Under one exemplary embodiment, a navigation system is disclosed, comprising a processor, a sensor, operatively coupled to the processor, the sensor being configured to determine a location of the navigation system; an input, operatively coupled to the processor, wherein the input is configured to receive destination data, specifying a destination, and point-of-interest (POI) data from a user, and wherein the processor is configured to process the destination data and the POI data to determine a plurality of POIs that are in closest proximity to the destination and clustering the POIs for presentation on a navigational map. The POI data may comprise generic POIs or specific POIs that are associated with one or more generic POIs, wherein the processor may be configured to cluster at least one of a plurality of generic and specific POIs. The processor may be further configured to generate a route from the location of the navigation system, the destination and at least one of the POIs in the navigational map based on at least one of speed and distance. In one embodiment, the system may further include communications configured to transmit at least one of the location, destination and POIs to a remote navigation system. In another embodiment, the system processor may be configured to determine if the plurality of POIs that are in closest proximity to the destination are within a predetermined threshold distance, and determine at least one alternate POI that is in closest proximity to the destination based on the predetermined threshold distance.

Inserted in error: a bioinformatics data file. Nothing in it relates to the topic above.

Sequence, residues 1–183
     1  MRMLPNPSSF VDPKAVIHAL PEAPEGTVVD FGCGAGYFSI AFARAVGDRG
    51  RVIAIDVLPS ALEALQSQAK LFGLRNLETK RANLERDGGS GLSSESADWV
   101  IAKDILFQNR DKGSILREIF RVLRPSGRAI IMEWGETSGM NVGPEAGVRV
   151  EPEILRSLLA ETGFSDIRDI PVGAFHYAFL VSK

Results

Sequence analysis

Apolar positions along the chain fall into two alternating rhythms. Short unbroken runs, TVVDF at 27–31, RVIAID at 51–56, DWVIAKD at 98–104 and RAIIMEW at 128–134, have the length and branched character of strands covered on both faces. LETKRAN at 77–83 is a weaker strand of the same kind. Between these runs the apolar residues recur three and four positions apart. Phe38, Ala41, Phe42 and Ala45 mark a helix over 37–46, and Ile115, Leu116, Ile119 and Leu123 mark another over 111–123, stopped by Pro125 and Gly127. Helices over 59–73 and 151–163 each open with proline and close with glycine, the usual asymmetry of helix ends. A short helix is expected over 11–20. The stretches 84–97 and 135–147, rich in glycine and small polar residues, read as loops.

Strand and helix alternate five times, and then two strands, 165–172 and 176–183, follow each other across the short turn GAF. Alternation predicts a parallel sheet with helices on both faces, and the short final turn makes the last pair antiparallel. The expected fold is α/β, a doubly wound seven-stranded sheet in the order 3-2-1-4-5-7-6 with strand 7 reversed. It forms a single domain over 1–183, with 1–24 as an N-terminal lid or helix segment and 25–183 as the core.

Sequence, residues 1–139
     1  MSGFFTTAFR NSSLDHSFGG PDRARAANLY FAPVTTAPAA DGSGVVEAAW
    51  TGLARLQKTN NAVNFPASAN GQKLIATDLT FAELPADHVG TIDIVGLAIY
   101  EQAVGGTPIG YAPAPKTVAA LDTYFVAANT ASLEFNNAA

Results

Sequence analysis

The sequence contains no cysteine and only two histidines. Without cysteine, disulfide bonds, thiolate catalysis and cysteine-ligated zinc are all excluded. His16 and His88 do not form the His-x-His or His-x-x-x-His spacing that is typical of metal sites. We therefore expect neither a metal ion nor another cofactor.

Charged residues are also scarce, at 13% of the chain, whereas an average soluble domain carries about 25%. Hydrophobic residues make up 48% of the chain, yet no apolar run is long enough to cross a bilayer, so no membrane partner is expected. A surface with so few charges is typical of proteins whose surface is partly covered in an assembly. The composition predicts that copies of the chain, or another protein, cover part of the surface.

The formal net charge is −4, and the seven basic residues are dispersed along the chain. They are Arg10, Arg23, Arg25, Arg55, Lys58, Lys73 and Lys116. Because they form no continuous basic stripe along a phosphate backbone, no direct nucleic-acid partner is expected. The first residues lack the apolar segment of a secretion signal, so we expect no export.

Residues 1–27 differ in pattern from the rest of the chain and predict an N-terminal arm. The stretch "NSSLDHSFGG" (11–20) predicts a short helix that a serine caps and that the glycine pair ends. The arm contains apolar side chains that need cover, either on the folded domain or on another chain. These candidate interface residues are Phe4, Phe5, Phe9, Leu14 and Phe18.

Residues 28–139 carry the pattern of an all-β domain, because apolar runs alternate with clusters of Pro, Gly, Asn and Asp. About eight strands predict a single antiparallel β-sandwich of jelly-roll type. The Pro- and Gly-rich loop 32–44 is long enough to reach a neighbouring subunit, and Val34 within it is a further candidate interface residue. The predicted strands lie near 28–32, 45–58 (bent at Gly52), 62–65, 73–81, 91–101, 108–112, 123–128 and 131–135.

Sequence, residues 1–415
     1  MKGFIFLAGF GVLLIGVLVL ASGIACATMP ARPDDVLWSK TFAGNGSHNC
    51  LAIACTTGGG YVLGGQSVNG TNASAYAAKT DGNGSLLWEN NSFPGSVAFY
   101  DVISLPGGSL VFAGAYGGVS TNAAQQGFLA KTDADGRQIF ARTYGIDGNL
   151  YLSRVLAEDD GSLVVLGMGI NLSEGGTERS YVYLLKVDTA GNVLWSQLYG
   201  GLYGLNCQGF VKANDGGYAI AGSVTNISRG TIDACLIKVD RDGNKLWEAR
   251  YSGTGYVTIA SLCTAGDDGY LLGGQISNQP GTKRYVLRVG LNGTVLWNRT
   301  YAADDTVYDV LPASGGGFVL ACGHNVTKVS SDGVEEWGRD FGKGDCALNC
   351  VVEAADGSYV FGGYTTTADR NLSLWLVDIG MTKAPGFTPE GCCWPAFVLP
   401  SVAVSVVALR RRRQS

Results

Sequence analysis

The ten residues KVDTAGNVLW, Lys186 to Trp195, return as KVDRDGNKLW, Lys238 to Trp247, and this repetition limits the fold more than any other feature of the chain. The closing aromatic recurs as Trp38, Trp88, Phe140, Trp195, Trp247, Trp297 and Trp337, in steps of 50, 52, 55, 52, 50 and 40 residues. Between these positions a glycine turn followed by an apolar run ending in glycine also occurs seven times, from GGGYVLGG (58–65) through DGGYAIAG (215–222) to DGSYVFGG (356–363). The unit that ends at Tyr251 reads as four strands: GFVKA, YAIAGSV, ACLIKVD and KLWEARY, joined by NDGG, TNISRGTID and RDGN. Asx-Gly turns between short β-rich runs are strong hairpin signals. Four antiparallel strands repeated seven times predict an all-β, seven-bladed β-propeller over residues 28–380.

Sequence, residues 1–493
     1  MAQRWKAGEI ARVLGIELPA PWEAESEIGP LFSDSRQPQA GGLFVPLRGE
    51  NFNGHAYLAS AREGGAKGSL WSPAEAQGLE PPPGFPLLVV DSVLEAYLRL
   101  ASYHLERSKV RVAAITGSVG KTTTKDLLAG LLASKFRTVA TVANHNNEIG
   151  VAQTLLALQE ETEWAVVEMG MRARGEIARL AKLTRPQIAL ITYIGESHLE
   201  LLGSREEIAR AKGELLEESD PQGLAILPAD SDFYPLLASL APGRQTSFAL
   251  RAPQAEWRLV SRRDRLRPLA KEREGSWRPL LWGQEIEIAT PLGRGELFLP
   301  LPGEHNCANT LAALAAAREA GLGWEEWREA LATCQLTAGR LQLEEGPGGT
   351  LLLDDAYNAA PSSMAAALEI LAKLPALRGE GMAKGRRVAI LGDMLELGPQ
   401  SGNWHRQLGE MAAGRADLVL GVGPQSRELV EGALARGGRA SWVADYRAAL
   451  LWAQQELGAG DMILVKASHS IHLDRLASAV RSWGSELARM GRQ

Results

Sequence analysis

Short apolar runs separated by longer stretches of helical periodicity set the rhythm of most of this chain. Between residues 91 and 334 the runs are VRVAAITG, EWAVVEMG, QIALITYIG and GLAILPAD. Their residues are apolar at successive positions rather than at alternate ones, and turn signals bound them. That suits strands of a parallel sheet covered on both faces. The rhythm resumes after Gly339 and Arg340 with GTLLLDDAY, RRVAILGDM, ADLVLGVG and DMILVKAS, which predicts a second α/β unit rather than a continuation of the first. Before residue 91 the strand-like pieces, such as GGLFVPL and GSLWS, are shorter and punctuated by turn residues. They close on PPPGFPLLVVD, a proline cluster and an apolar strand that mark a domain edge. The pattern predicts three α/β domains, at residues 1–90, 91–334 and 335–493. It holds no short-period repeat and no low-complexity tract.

In another exemplary embodiment, a processor-based method is disclosed for operating a navigation system, the method comprising determining a location of the navigation system; receiving destination data, specifying a destination, and point-of-interest (POI) data; and processing, in a processor, the destination data and the POI data to determine a plurality of POIs that are in closest proximity to the destination and clustering the POIs for presentation on a navigational map. In one exemplary embodiment, the POI data comprises generic POIs and/or specific POIs that are associated with one or more generic POIs, and wherein the clustering comprises clustering at least one of a plurality of generic and specific POIs. The method may further comprise generating a route from the location of the navigation system, the destination and at least one of the POIs in the navigational map based on at least one of speed and distance. In another embodiment, the method may comprise transmitting at least one of the location, destination and POIs to a remote navigation system. In another embodiment, the method may comprise determining if the plurality of POIs that are in closest proximity to the destination are within a predetermined threshold distance and determining at least one alternate POI that is in closest proximity to the destination based on the predetermined threshold distance.

BRIEF DESCRIPTION OF THE FIGURES

The present invention is illustrated by way of example and not limitation in the figures of the accompanying drawings, in which like references indicate similar elements and in which: